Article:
We ran the phone through Geekbench 4, and it scored an average of 3579. Which is an improvement on the score of 3,105 that the Honor 6X achieved.
That’s a poor score, however, when compared to the Moto G5S Plus, which is a similar phone in terms of specs. The G5S Plus is a touch more expensive, but it came out with a score of 4,312, Which would make that phone a better choice if you’re planning to do lots of intensive tasks and gaming every day.
That said, the Honor 7X can still do everything you’d expect a phone like this to do it’s just a touch slower.You may have to wait a while longer for apps to load longer than if you’d spent a lot more money.
The built-in storage you’ll get will depend on where you live in the world. We know that in the UK you’ll get 64GB of storage while those in the US will only get 32GB. There’s microSD support on both versions up to 256GB though.
We’ve been using the 64GB version of the phone. And we found that a reasonable amount of space – the software only takes up 12.5GB. And it leaves a decent amount of space to play with and fill with apps, games and media.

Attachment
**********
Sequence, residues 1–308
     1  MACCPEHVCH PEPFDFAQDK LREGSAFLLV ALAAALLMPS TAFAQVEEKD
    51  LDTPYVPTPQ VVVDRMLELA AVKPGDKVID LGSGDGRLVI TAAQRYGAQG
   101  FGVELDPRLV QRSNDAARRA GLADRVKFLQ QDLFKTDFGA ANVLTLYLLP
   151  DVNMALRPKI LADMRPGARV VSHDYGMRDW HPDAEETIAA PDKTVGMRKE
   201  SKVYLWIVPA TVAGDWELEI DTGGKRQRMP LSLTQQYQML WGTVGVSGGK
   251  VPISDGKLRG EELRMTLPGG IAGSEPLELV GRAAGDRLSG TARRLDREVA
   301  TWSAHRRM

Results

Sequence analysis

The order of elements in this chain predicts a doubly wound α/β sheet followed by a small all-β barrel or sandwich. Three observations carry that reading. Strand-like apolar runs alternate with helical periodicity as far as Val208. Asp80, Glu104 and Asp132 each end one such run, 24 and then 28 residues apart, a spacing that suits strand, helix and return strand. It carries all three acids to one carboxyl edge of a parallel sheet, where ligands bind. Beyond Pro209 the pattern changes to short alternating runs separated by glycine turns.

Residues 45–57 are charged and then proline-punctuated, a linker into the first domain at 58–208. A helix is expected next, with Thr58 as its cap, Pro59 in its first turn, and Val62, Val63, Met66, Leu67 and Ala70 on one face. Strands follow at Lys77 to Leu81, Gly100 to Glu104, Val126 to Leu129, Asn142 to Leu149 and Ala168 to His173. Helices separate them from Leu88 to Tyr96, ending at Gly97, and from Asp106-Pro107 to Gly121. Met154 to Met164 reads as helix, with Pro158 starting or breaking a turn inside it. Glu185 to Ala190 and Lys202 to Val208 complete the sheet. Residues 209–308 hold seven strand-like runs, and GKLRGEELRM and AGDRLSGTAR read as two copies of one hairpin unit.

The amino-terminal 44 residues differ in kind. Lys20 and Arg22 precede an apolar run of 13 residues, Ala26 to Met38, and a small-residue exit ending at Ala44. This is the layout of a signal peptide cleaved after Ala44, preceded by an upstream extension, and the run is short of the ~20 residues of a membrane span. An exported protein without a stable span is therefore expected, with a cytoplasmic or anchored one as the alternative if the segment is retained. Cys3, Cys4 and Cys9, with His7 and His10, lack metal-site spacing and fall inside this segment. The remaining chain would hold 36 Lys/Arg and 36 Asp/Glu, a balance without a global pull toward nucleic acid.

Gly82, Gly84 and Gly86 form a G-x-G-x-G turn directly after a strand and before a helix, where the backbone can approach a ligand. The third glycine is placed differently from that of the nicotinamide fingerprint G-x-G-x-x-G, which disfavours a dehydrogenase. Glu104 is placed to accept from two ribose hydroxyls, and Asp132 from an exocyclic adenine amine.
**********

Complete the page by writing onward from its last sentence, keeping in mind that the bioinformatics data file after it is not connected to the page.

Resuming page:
It’s worth noting that if you want to use a second SIM card in the Honor 7X you won’t be able to use a microSD card at the same time, as it uses the same slot.
One of the big disappointments in the specs of the Honor 7X is the lack of an NFC sensor. It means you won’t be able to use Android Pay to make contactless payments.
|Release date||October 2017|
|Dimensions (mm)||156.50 x 75.30 x 7.60|
|Battery capacity (mAh)||3340|
|Colours||Black, Blue, Gold|
|Screen size (inches)||5.93|
|Processor make||HiSilicon Kirin 659|
|Expandable storage type||microSD|
|Expandable storage up to (GB)||256|
|Operating System||Android 7.0|
|Wi-Fi standards supported||802.11 b/g/n|
|Bluetooth||Yes, v 4.10|
|Number of SIMs||2|
|Supports 4G in India (Band 40)||Yes|
|Supports 4G in India (Band 40)||Yes|
|Ambient light sensor||Yes|